{
    		System.out.println("initializing t1");
    		Test t1 = new Test(1);
    		System.out.println("initializing t2");
    		Test t2 = t1; // copy constructor is not called
    		System.out.println("initializing t3");
    		Test t3 = new Test(t1); // it must be specifically invoked
    		System.out.println("initializing t4");
    		Test t4 = t3.clone(); // calling the clone method can function like the
    								// pseudo copy constructor
     
    		// passing by value must also be done by explicitly calling the copy
    		// constructor
    		System.out.println();
    		doit(t1);
    		System.out.println("doit using pseudo-copy constructor");
    		doit(new Test(t1));
    		System.out.println("doit using clone");
    		doit(t1.clone());
    		// t1 and t2 are the exact same object. t1/t2, t3, and t4 are all
    		// distinct objects
    	}
    }

  5. #5
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    Default Re: An associations with copies instead of references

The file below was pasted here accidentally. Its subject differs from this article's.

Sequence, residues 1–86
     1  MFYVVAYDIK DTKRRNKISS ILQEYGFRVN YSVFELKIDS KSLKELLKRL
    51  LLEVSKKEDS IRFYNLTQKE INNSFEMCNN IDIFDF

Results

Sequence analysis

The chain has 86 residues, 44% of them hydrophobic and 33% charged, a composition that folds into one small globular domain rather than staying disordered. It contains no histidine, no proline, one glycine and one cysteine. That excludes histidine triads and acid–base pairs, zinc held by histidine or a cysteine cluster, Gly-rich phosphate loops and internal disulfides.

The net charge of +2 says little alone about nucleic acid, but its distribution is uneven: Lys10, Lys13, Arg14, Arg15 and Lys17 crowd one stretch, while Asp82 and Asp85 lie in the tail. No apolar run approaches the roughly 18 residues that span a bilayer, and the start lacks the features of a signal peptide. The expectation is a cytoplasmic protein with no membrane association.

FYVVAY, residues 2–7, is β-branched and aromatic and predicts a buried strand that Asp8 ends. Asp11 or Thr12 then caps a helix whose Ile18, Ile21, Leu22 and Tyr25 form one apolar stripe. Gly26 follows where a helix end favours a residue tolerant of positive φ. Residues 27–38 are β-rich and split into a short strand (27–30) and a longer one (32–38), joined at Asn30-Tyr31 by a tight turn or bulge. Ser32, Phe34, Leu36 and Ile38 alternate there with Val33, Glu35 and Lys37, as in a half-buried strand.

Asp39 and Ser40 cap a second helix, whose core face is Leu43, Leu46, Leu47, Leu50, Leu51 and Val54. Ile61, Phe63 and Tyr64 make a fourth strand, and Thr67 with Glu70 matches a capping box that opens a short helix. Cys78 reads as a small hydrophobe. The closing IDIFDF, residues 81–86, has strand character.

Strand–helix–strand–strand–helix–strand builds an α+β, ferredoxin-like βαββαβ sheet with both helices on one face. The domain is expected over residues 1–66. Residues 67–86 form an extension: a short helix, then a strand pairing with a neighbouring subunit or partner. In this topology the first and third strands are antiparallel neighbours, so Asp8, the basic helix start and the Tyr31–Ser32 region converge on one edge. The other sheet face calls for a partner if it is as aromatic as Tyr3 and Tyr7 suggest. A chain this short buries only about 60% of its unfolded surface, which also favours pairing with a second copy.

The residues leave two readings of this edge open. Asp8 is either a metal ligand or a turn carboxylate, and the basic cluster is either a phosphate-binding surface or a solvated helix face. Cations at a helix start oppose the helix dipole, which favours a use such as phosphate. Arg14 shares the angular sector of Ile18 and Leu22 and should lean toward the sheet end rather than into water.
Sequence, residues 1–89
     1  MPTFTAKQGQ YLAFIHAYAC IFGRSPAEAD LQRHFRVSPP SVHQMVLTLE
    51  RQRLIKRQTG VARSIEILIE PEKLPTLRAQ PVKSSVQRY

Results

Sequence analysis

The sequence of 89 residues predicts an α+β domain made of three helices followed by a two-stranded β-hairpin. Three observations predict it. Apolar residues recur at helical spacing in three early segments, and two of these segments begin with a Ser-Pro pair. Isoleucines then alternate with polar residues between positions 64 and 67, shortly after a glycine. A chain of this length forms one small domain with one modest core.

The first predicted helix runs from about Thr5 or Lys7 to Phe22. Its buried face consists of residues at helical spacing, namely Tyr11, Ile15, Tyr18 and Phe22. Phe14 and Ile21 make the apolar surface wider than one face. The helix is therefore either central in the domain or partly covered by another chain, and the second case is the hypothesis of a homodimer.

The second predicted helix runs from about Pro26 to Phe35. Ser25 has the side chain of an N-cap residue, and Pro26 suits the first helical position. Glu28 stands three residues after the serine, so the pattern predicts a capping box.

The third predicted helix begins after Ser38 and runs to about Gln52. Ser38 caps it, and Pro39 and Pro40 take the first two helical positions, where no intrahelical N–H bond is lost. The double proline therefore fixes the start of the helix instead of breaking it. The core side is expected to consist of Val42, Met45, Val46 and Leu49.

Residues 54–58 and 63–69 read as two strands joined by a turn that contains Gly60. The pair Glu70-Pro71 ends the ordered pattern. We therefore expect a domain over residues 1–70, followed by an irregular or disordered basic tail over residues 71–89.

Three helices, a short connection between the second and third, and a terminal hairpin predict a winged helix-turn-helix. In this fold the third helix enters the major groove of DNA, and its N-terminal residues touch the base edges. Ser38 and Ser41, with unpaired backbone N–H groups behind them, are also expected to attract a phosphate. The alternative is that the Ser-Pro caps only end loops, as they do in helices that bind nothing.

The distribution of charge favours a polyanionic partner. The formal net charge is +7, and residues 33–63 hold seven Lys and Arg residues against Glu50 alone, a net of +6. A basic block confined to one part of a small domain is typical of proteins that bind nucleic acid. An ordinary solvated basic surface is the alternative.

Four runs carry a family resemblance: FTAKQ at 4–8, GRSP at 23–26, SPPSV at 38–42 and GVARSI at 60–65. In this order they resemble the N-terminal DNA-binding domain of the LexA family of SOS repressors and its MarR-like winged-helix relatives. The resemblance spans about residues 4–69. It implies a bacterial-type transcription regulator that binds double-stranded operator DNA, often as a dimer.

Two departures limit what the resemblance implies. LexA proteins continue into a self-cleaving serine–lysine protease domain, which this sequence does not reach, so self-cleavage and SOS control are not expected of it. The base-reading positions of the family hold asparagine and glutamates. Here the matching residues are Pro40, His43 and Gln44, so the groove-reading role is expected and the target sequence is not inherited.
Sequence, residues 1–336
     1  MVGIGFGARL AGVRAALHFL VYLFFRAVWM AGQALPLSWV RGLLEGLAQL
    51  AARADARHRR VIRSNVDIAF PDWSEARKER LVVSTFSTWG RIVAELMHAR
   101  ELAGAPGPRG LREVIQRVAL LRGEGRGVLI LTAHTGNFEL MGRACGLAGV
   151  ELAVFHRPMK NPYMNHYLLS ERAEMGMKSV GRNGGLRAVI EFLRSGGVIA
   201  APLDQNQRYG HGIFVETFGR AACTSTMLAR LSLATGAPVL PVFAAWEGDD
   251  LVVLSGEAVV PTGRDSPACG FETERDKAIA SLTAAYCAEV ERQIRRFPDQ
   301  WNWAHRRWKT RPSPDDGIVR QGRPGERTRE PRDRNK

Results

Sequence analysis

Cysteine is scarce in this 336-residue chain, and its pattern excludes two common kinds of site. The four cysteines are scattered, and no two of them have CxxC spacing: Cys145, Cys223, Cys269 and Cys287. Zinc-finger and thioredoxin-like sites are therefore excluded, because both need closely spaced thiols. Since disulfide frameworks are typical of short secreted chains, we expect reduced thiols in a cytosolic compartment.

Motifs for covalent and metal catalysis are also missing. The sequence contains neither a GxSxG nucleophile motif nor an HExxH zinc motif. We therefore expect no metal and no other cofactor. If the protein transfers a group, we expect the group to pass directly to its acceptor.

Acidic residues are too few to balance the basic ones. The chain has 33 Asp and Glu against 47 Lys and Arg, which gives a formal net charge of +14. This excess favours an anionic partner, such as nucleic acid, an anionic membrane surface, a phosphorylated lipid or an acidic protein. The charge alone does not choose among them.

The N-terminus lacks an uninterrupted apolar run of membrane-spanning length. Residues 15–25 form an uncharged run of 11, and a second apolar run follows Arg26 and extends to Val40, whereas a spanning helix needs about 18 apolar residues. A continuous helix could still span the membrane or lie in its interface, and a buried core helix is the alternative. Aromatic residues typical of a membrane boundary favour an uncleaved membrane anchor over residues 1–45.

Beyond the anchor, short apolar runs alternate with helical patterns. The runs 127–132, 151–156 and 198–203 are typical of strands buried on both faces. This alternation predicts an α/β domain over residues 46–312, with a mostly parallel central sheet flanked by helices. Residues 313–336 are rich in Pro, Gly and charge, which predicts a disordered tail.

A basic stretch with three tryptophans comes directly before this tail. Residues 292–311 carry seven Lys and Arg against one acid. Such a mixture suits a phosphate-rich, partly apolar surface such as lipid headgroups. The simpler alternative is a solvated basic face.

Just in case it isn't clear, I'd like to point out that helloworld922's example copy constructor, clone method, and copy method don't include the code that would really make them copy anything (I think he was just going for the barebones).

    For example, the copy constructor might look something like this:


    public Test(Test t)
        {
            System.out.println("copy constructor");
            this.a = t.;
        }

    Also note that if a were an Object, you'd have to go a level deeper, copying/cloning those Objects, otherwise both copies of Test would contain the same instance of whatever type a is.

    A real life example of a copy method that I like is Graphics.create().

    Graphics (Java Platform SE 6)
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  6. #6
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    Default Re: An associations with copies instead of references

    For primitives it doesn't matter. But yes, for objects you will need to call their clone/copy constructors. Additionally, you likely can get away with doing a shallow copy of strings because they're immutable.